On the January 20th edition of Your Call, we’ll discuss cities investing in worker cooperatives to fight inequality and create quality jobs.
Worker cooperatives are typically governed by employees and the decision making is democratic. As a model for economic growth targeting low-income communities and people of color, New York has invested $1.2 million in coops and is set to nearly double that this year. In California, Oakland is exploring ways it can cultivate more co-ops. How are worker cooperatives combating inequality?
Melissa Hoover, the Executive Director of the Democracy at Work Institute, the think-and-do-tank that expands worker ownership as a tool to address economic inequality
Nayeli Maxson, Council Aide, Policy Analyst & Community Liaison in the Oakland Office of Councilmember Annie Campbell Washington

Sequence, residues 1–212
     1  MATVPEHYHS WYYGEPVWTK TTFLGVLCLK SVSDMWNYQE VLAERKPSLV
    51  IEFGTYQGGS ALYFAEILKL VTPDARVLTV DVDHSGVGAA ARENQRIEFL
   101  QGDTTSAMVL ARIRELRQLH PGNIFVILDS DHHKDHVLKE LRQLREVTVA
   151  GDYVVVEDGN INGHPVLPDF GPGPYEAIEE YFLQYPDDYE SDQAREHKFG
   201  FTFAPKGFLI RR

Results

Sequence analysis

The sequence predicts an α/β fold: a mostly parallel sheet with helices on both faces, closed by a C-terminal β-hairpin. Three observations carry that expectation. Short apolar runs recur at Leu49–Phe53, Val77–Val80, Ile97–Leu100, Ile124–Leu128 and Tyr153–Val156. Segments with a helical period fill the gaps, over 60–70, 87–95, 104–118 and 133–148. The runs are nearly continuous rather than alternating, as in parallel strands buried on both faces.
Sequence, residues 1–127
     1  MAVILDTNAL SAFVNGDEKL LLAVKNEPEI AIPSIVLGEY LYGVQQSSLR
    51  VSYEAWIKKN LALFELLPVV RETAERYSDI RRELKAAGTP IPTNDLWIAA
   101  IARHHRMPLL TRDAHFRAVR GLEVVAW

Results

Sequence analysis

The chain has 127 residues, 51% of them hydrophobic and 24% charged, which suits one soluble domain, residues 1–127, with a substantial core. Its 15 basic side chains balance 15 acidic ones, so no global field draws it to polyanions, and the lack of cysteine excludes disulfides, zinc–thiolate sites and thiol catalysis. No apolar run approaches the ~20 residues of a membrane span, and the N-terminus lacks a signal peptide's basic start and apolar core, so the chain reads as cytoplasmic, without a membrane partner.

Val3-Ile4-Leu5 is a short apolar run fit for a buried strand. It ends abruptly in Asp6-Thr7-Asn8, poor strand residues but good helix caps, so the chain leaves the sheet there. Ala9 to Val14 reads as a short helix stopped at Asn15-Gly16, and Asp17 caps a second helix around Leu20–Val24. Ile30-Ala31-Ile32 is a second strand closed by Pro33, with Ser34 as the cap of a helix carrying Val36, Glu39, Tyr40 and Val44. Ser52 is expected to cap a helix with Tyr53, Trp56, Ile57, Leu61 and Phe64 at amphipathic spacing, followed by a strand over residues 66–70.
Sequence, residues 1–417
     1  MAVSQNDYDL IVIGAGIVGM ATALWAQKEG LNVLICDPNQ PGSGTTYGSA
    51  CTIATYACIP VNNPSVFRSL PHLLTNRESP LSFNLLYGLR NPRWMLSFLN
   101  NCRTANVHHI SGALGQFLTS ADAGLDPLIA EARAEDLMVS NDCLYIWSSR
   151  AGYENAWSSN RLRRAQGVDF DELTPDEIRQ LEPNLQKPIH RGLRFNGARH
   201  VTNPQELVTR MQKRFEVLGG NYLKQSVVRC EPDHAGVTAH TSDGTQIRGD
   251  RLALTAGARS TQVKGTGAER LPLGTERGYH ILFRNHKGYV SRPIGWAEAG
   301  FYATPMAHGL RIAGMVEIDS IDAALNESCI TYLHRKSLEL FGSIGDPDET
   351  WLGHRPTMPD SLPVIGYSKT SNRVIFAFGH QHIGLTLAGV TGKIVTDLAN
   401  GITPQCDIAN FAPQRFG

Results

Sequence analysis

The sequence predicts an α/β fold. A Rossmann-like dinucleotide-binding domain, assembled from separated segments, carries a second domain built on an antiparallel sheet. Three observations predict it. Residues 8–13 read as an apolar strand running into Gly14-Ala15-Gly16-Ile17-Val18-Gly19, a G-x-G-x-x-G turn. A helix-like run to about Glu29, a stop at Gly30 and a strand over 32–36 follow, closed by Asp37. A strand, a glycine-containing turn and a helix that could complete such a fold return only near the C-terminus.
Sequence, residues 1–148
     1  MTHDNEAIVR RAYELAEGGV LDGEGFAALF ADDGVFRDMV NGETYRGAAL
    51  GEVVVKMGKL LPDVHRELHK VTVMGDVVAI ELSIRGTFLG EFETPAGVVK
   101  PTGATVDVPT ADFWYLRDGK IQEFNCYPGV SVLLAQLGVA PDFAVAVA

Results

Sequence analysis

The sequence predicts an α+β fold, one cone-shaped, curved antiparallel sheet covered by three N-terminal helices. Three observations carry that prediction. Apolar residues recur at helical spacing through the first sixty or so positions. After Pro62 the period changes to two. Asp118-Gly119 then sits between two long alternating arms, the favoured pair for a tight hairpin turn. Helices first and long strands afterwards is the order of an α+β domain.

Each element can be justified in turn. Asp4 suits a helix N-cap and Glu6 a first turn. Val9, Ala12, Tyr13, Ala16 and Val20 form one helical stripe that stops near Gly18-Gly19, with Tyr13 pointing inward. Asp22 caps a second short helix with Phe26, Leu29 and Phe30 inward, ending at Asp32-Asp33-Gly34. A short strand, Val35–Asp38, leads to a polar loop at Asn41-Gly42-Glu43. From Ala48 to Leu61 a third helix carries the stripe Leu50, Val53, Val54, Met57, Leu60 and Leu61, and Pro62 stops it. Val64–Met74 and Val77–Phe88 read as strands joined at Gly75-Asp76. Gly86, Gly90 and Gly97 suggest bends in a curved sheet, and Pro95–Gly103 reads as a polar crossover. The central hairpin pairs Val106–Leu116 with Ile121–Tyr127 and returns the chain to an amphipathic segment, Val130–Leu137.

Loren Rodgers, the executive director of the National Center for Employee Ownership
Sustainable Economies Law Center: CA Worker Cooperative Act
U.S. Federation of Worker Cooperatives: What is a worker cooperatives?
The Atlantic: Getting Rid of Bosses
Community Wealth: Worker Cooperatives: Pathways to Scale
New York City Small Business Services: Working Together, a report on the first year of the Worker Cooperative Business Development Initiative